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The Role of UN Agencies in Shaping Trade Rules and Food and Agriculture Policy-making at the WTO

Institutions
WTO
Trade
Matias Margulis
University of Stirling
Matias Margulis
University of Stirling

Abstract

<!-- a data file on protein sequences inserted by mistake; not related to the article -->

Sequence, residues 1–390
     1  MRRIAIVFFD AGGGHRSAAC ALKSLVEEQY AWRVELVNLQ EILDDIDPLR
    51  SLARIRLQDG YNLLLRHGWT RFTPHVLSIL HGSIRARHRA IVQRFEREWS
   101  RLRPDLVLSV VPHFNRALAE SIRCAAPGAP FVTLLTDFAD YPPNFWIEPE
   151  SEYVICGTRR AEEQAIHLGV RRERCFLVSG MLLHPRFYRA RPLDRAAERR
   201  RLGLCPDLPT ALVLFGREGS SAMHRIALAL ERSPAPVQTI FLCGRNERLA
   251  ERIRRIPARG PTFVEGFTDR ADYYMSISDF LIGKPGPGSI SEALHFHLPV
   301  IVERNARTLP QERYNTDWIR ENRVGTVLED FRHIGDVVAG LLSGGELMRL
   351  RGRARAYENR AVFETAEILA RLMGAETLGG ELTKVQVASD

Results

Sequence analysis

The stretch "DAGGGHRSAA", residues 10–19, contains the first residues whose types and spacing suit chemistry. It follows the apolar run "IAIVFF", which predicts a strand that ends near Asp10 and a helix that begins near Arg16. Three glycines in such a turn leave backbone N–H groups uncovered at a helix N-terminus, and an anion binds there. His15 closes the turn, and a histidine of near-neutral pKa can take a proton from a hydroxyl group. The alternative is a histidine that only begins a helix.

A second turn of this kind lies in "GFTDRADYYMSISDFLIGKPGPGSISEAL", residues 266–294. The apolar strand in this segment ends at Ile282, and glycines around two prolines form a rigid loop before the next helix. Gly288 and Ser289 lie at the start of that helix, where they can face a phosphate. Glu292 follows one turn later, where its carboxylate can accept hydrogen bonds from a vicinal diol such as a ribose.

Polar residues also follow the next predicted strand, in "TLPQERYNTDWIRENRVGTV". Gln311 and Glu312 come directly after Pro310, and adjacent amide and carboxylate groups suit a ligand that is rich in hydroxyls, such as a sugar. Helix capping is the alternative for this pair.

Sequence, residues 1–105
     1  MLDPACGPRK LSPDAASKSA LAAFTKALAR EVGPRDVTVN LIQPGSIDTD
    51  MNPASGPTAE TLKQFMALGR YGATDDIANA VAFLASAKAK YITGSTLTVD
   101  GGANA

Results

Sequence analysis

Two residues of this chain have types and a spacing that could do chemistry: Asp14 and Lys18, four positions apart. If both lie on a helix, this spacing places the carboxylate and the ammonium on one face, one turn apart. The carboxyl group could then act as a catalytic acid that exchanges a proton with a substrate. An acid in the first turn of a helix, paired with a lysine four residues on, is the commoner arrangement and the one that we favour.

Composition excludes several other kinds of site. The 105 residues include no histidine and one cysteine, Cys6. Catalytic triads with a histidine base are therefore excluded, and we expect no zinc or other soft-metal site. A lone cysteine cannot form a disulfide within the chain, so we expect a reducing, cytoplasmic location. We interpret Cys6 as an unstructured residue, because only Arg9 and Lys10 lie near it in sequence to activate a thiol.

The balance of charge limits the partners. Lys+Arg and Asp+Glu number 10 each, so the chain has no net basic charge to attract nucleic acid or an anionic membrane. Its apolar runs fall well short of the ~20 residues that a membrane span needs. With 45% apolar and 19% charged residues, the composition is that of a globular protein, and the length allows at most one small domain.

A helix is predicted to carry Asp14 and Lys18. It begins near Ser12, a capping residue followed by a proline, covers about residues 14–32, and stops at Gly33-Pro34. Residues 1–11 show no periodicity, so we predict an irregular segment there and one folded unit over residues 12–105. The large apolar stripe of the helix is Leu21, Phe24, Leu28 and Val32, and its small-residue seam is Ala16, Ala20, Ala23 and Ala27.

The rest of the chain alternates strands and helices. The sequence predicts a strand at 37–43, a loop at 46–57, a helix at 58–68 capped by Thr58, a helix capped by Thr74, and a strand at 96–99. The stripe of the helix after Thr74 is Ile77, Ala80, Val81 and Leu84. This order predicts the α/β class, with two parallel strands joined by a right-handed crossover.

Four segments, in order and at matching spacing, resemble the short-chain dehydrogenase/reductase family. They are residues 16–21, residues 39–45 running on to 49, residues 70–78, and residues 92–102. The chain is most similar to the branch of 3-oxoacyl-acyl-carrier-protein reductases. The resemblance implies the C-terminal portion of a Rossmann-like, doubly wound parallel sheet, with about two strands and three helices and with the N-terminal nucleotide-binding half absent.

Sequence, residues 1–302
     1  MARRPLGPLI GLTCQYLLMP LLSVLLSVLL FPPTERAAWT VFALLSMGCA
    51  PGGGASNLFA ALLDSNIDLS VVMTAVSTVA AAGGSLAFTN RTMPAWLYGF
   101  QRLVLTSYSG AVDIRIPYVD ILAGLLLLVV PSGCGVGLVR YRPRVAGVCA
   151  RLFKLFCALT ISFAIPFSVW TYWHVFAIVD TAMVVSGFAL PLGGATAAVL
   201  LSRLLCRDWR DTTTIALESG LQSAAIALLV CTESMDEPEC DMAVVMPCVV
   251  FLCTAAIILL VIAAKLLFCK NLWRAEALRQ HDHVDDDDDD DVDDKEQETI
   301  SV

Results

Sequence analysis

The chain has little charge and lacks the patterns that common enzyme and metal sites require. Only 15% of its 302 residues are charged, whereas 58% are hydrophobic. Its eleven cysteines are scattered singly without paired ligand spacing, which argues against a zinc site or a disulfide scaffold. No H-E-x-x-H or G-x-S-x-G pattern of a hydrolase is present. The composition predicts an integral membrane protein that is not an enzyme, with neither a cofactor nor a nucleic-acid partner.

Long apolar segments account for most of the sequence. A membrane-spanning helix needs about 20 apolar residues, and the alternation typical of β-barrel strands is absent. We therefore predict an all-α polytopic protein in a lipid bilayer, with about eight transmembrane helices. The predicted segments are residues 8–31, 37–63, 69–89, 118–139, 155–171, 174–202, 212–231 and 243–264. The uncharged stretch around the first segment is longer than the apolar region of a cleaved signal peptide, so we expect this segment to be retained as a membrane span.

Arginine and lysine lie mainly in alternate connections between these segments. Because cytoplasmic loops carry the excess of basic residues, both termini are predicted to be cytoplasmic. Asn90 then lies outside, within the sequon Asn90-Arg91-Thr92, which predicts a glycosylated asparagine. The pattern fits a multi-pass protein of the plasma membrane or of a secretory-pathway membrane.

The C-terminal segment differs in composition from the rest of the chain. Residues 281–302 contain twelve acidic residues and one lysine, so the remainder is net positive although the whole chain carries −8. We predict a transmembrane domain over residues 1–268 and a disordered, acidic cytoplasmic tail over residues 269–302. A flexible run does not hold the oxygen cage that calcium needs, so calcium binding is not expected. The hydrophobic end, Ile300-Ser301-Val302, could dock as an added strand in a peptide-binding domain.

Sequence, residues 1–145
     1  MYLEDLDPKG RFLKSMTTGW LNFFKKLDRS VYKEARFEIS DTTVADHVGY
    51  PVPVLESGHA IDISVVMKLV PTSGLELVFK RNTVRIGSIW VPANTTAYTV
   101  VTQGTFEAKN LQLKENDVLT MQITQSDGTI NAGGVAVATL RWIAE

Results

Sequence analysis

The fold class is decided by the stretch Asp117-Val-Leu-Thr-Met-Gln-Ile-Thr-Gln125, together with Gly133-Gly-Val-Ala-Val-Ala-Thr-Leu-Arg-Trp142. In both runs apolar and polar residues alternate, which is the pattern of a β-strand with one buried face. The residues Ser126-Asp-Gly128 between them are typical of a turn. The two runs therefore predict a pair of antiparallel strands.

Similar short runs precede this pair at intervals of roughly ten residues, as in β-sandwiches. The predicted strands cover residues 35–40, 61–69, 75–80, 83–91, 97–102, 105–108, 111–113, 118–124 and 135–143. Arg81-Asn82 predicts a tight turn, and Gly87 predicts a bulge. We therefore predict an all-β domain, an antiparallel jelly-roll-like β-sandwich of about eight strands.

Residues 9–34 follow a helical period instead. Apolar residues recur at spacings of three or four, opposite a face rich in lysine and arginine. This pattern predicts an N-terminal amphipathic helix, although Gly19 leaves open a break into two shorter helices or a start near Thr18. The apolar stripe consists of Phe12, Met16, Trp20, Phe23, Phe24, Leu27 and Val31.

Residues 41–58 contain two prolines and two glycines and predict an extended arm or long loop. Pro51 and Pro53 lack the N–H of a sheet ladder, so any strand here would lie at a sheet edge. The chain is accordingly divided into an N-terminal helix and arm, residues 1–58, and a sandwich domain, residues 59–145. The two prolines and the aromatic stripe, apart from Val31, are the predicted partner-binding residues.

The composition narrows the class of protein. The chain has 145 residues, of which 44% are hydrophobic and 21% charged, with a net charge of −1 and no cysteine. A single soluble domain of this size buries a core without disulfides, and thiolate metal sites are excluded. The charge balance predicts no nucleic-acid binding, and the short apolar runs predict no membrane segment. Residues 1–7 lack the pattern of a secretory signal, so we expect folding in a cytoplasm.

The established literature on the internationalisation of the agricultural trade regime principally focuses on the relative bargaining power and capacity of states to set the policy agenda and make rules. This Paper further extends our understanding of who makes global agricultural trade rules and policy by looking at the role of international organizations – specifically, UN agencies. Even though UN agencies do not have a place at the formal negotiating table at the World Trade Organization (WTO), which is exclusive to states, I show that they have nonetheless developed distinctive capacities and practices that enabled them to directly affect negotiating outcomes. I show how, for example, the UN Food and Agriculture Organization (FAO) actively organized and orchestrated a negotiating coalition of developing countries during the GATT Uruguay Round, which resulted in trade rules that were effectively ghost-written by the FAO becoming a key part of the WTO Agreement on Agriculture. In another case, I uncover how the UN World Food Programme used what I term a “moral veto” to block agreement on proposed rules during the Doha Round, by launching an international media campaign vilifying trade negotiators as recklessly endangering the lives of hungry people in the Global South. The Paper draws on extensive field research, including over 85 interviews with senior international civil servants, trade representatives, and global civil society actors, participant observation at the WTO and UN agencies, and archival and documentary analysis. It covers the crucial period of multilateral trade negotiations in agriculture from 1986 to 2015.